Exoplanet Meteorology: Studying the Atmospheres Of Imaged Planets and Brown Dwarfs 

“Are we alone” – This is an eternal question that has haunted humanity for as long as we have been sentient. Searching for habitable worlds is a quest that I have undertaken as an astronomer. The atmosphere of these worlds is one of the best tools we have in this search, since it acts as a window into the myriad properties of the planet.

Research interests

A word jumble indicating my research interests :).

Here are some of the projects I have worked on –

Project 1: Determining the Atmosphere of HR8799 with HST/WFC3


Keck observations of the four planets orbiting HR 8799. (Credit: NRC/HIA, C. Marois, and Keck Observatory)

I studied the exoplanet system HR8799 using the Hubble Space Telescope. The main goals of the program was to measure the flux from the planet in the 1.3 – 1.5 micron water band which is unobservable from the ground as well as the neighboring wavelengths. These measurements were used to provide crucial constraints on the emitted energy at shorter wavelengths, which in turn improved our ability to measure the effective temperatures, surface gravities, cloud composition and the atmospheric chemical equilibria of these planets. 


Project 2: The Brown dwarf Atmosphere Monitoring (BAM) Project


This artist’s concept shows a brown dwarf with bands of clouds, thought to resemble those seen at Neptune and the other outer planets. Credits: NASA/JPL-Caltech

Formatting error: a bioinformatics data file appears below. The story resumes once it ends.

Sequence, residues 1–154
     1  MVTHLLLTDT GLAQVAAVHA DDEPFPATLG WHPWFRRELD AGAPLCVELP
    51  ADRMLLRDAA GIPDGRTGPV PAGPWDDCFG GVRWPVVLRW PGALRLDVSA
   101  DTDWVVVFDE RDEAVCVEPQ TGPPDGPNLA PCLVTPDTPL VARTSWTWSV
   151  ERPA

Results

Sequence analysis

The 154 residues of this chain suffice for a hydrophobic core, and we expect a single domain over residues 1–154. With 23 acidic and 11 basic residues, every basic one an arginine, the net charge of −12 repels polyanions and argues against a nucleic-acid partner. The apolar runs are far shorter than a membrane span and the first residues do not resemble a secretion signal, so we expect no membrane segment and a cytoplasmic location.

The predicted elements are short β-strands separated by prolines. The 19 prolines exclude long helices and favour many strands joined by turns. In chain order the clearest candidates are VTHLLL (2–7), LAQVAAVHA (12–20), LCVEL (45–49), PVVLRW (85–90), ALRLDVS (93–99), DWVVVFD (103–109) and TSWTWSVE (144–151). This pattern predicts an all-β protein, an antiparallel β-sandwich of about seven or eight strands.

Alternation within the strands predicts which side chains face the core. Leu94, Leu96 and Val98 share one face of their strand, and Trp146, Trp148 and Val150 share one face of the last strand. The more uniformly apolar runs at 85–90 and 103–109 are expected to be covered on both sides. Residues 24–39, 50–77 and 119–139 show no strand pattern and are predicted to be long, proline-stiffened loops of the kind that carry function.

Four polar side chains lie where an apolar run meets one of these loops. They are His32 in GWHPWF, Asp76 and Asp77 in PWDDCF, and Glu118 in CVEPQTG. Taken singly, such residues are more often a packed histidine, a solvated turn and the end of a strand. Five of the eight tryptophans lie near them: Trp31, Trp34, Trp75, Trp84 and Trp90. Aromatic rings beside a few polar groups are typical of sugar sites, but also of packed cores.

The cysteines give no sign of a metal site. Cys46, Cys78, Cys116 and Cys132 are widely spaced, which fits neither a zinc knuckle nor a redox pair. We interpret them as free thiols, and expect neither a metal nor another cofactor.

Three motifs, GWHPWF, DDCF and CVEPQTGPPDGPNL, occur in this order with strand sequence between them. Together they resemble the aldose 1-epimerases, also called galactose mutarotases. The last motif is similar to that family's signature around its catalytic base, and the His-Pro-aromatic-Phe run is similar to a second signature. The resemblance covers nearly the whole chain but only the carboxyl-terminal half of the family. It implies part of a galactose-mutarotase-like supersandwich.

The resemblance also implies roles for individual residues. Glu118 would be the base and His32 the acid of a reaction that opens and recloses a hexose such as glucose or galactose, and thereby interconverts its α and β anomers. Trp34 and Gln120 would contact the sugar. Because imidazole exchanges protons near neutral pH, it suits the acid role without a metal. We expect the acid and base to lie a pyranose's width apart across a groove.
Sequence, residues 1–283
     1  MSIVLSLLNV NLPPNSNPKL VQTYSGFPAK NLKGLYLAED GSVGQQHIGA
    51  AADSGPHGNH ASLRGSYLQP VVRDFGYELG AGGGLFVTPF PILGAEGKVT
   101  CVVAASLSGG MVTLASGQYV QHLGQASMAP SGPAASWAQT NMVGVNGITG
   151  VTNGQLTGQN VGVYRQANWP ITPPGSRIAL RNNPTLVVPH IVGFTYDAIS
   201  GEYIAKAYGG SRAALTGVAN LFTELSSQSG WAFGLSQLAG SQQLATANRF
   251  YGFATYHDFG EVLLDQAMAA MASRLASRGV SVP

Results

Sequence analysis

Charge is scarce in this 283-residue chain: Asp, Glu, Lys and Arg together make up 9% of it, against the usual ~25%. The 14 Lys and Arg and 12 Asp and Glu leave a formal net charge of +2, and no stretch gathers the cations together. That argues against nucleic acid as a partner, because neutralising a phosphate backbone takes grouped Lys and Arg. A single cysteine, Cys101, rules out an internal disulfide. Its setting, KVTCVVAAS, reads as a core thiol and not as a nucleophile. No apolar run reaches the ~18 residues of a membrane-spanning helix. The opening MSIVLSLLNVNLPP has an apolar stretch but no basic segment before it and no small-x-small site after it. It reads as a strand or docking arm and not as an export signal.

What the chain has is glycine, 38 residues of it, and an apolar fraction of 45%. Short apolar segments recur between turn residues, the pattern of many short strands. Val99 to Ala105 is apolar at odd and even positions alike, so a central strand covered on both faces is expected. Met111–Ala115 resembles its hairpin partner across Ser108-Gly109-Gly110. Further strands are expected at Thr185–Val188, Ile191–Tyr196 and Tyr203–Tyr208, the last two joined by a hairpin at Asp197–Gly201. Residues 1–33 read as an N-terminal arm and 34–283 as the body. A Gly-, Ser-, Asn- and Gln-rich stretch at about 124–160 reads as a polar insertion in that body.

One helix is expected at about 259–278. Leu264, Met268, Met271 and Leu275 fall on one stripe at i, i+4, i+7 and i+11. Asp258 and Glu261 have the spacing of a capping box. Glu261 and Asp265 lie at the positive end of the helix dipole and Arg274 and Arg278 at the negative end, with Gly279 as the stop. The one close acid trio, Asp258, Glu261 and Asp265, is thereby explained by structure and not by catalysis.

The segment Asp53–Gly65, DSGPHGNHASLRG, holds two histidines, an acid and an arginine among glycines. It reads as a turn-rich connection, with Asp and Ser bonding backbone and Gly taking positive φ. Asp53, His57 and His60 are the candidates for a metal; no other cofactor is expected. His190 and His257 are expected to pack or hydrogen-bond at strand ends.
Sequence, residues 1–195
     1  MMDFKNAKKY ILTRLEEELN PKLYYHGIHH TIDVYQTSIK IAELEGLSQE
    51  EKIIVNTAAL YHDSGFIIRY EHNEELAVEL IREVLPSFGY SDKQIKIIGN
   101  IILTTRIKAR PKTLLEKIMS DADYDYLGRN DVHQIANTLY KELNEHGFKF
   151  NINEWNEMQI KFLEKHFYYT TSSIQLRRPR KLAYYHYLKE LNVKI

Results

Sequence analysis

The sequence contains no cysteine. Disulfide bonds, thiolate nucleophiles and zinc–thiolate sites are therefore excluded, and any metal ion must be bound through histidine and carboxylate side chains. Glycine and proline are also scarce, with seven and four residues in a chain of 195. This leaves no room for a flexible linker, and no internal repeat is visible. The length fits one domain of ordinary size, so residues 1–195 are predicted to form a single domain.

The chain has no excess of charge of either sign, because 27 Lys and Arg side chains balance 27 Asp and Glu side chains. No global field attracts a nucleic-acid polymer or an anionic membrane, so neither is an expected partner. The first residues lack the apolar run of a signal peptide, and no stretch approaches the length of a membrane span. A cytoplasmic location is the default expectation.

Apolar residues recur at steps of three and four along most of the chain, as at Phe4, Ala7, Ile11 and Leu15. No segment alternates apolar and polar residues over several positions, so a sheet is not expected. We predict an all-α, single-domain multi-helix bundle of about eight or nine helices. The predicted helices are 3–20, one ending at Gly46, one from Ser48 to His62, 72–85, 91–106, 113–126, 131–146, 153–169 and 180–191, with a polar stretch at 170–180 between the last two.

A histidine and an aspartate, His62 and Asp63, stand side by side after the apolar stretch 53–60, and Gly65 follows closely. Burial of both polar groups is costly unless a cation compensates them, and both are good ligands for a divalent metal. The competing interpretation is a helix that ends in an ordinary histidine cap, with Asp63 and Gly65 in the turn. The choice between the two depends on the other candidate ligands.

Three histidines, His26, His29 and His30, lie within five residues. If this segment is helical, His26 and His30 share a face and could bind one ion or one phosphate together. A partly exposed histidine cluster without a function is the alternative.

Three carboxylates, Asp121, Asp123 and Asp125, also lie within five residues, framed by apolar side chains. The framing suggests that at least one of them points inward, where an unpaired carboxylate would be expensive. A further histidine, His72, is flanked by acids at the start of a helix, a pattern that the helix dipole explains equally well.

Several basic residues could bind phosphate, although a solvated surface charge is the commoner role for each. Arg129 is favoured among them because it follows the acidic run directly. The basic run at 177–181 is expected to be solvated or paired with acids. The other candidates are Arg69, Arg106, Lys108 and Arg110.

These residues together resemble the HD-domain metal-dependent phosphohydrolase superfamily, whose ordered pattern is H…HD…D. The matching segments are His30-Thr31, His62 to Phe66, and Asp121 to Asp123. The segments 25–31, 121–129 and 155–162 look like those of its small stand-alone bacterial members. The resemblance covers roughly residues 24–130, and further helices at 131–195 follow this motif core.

Exoplanets are very faint when compared to their host stars. This intrinsic faintness works against us when trying to characterize the planet.  Luckily there is a class of objects known as “Brown Dwarfs” which closely mimic the atmospheric behavior of large gas-giant planets.

The BAM project was initiated to try and understand the atmospheric dynamics of brown dwarfs across their complete measured temperature range. The projects consisted of surveying nearby brown dwarfs for atmospheric variations, which as shown in the movie, can be caused by clouds rotating in and out of view on the surface of the brown dwarfs. The results of both projects have been published.

Project 3: Exploring the atmosphere of the young Jupiter: 51 Eridani b 

51 Eri b IFU image + spectrum

Discovery data for 51 Eridani b. Macintosh+15, Rajan+17

The Gemini Planet Imager (GPI) is one of the most sophisticated instruments ever built for the purpose of detecting and characterizing exoplanets. GPI will carry out a census designed to detect and characterize planets in the critical 5-50 AU region required to fully understand the architecture of planetary systems. The GPI team, of which I am a member, has been approved 900 hrs to survey ~600 young, and nearby stars.

51 Eri b, the spectrum and discovery images shown above, is the first planet discovered by the survey. This young (~25 Myr) planet is one of the first imaged planets that might have formed via core accretion, thought to be the predominant method for planet formation.